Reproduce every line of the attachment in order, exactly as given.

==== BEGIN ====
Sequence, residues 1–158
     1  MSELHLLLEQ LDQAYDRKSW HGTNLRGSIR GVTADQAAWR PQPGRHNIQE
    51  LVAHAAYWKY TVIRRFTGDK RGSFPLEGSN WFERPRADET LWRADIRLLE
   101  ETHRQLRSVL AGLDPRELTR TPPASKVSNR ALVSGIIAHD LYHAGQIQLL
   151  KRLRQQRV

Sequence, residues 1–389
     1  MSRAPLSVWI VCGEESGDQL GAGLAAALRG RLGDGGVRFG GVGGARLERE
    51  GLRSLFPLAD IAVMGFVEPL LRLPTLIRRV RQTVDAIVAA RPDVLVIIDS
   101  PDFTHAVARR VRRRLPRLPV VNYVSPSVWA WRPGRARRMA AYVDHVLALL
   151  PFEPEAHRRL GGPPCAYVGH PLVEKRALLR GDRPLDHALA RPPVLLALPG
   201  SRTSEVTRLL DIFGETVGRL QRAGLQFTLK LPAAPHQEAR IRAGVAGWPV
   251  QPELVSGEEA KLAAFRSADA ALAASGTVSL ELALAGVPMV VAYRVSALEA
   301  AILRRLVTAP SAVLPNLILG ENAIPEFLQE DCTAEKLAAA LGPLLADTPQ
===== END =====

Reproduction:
Sequence, residues 1–158
     1  MSELHLLLEQ LDQAYDRKSW HGTNLRGSIR GVTADQAAWR PQPGRHNIQE
    51  LVAHAAYWKY TVIRRFTGDK RGSFPLEGSN WFERPRADET LWRADIRLLE
   101  ETHRQLRSVL AGLDPRELTR TPPASKVSNR ALVSGIIAHD LYHAGQIQLL
   151  KRLRQQRV

Sequence, residues 1–389
     1  MSRAPLSVWI VCGEESGDQL GAGLAAALRG RLGDGGVRFG GVGGARLERE
    51  GLRSLFPLAD IAVMGFVEPL LRLPTLIRRV RQTVDAIVAA RPDVLVIIDS
   101  PDFTHAVARR VRRRLPRLPV VNYVSPSVWA WRPGRARRMA AYVDHVLALL
   151  PFEPEAHRRL GGPPCAYVGH PLVEKRALLR GDRPLDHALA RPPVLLALPG
   201  SRTSEVTRLL DIFGETVGRL QRAGLQFTLK LPAAPHQEAR IRAGVAGWPV
   251  QPELVSGEEA KLAAFRSADA ALAASGTVSL ELALAGVPMV VAYRVSALEA
   301  AILRRLVTAP SAVLPNLILG ENAIPEFLQE DCTAEKLAAA LGPLLADTPQ